September 29, 2010

Fair Weather

Nothing can be finer than a fair in Carolina. Even if it has been raining and overcast for two days.

Last year around this time I was a juror for the Mosaic Arts International exhibition held in Chicago. This year I was the juror for the Fine Arts Exhibition at the Orangeburg County Fair. The two jurying experiences could not have been more different. One was highly competitive, international and executed on line. The other was the real time exuberant expression of a local community where everyone wins a place. Although the international exhibition was more prestigious, the local one was more warm-hearted. They were both great experiences in their own way.

There is no greater joy for me in the autumn season than the fairs of South Carolina. The Orangeburg County Fair is a particularly fine one. Since Orangeburg County is largely agrarian, there are no shortages of exotic livestock, plants, fruits and prize vegetables on display. I saw rows upon rows of arfully canned fruits. There were painted goats, angora chickens, roasters with bold stripes of gold and black. There were chickens that sported long thin spikes of white feathers on top of their heads which made them look like Andy Warhol. There was a large deer-like creature which I could not even identify.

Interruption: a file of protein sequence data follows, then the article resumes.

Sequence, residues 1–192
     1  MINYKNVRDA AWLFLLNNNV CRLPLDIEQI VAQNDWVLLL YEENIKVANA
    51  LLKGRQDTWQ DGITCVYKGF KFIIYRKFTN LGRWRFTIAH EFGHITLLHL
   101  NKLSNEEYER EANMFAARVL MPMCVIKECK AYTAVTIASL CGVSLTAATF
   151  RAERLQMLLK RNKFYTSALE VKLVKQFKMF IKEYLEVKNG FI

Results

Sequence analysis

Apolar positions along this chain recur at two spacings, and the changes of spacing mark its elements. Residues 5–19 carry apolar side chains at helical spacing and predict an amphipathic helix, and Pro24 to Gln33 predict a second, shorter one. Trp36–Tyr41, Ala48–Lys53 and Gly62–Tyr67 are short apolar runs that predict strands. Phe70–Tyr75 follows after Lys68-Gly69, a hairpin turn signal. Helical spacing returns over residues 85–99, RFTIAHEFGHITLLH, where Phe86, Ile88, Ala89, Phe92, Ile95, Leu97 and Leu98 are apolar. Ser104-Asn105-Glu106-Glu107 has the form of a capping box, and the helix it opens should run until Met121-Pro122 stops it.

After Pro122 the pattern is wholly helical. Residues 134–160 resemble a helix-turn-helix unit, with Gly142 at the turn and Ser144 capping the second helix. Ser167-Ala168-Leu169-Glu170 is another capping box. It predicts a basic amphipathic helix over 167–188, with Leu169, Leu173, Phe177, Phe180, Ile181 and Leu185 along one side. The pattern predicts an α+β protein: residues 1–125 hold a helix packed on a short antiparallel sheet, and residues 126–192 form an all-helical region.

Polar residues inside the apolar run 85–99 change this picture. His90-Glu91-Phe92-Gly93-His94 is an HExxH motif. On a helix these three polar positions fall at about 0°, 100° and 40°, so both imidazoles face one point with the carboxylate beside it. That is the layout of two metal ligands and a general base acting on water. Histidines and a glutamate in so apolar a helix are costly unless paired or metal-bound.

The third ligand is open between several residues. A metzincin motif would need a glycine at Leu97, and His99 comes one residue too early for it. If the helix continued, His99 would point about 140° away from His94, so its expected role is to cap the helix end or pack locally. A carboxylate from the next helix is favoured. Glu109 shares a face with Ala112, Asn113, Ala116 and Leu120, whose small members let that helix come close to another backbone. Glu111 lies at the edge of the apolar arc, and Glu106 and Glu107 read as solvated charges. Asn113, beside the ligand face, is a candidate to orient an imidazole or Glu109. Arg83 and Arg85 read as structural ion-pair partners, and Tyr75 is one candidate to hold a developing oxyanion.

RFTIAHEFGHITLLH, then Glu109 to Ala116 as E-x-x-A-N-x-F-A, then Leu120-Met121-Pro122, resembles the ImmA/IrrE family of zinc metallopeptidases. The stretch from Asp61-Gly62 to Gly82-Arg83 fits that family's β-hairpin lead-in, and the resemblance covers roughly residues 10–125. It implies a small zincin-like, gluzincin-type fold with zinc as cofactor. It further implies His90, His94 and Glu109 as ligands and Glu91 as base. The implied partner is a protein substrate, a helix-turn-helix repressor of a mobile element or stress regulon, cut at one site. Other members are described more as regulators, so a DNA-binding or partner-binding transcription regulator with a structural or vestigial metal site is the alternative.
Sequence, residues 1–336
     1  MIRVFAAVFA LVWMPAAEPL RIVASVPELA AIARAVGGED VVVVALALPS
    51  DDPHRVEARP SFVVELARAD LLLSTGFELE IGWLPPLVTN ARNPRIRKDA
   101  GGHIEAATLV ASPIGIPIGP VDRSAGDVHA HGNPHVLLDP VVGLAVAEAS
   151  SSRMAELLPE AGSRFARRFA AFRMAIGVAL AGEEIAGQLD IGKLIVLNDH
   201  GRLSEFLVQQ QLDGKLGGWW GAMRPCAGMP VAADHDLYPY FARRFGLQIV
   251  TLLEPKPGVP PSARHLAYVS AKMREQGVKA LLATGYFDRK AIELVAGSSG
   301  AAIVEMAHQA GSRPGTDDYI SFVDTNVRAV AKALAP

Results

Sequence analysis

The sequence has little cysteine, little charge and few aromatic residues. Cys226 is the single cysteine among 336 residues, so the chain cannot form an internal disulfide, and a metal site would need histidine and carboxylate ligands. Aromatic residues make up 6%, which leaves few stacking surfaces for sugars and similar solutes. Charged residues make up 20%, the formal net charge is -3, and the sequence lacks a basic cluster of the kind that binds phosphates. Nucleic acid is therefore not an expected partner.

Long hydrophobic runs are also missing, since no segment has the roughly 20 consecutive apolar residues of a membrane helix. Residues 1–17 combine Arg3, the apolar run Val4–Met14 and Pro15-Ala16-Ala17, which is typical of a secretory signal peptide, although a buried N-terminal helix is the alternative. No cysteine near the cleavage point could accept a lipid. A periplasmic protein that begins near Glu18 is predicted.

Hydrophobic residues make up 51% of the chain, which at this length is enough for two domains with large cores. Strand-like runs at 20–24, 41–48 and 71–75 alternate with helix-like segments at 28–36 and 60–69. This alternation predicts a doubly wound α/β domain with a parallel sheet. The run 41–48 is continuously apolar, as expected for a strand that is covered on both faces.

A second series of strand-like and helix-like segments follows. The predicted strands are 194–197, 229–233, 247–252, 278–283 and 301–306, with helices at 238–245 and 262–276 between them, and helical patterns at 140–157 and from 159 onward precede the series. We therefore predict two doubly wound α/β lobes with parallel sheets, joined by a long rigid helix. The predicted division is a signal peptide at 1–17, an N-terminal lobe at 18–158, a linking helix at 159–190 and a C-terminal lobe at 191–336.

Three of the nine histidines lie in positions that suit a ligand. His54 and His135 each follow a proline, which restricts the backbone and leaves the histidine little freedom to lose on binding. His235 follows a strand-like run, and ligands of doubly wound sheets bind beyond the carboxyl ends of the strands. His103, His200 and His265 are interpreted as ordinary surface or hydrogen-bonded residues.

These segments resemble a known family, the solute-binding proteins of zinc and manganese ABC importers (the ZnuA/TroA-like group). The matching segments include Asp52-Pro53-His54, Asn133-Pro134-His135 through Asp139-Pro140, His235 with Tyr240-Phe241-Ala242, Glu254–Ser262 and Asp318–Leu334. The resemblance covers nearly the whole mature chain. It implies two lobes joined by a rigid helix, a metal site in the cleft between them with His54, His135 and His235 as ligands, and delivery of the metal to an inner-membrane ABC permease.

Of particular interest to me was the annual exhibition of fine hand sewn quilts. There are seven quilting guilds in Orangeburg County alone, so I was told, which might account for the quilt exhibition taking up one entire building. I have not seen such a fine exhibition of quilts even on the state level so Orangeburg County must be the place to go for afficionados of this art form. It was such a stunning display that I immediately went back to my studio and painted two examples of big cats in quilt form to see if I could manage the style. They could not compare with the great color sense of the quilt makers but at least I gave it a try.

What I found when I juried the fine arts exhibition at the Orangeburg County Fair was that there were more categories of art than there were submissions to fill them. This made some of my choices a little two easy; first and second place, for instance for the two submissions to the category of professional mixed media art. I did take an exquisitely painted miniature icon from the advanced mixed media category and put it into the category of miniature painting, for which there were no entries. I made a note to myself here to enter my own miniature paintings next year.

If the quality of the student art at the fair was any indication, then I was heartened by what appeared to be very hard working art teachers in this county. The oil pastels were especially well executed - with rich colors and details lovingly done.

What a feast of colors, sounds and sights the fair was as the displays were going up! I’m looking forward to going back at least twice with my camera and a sketch book.

No comments: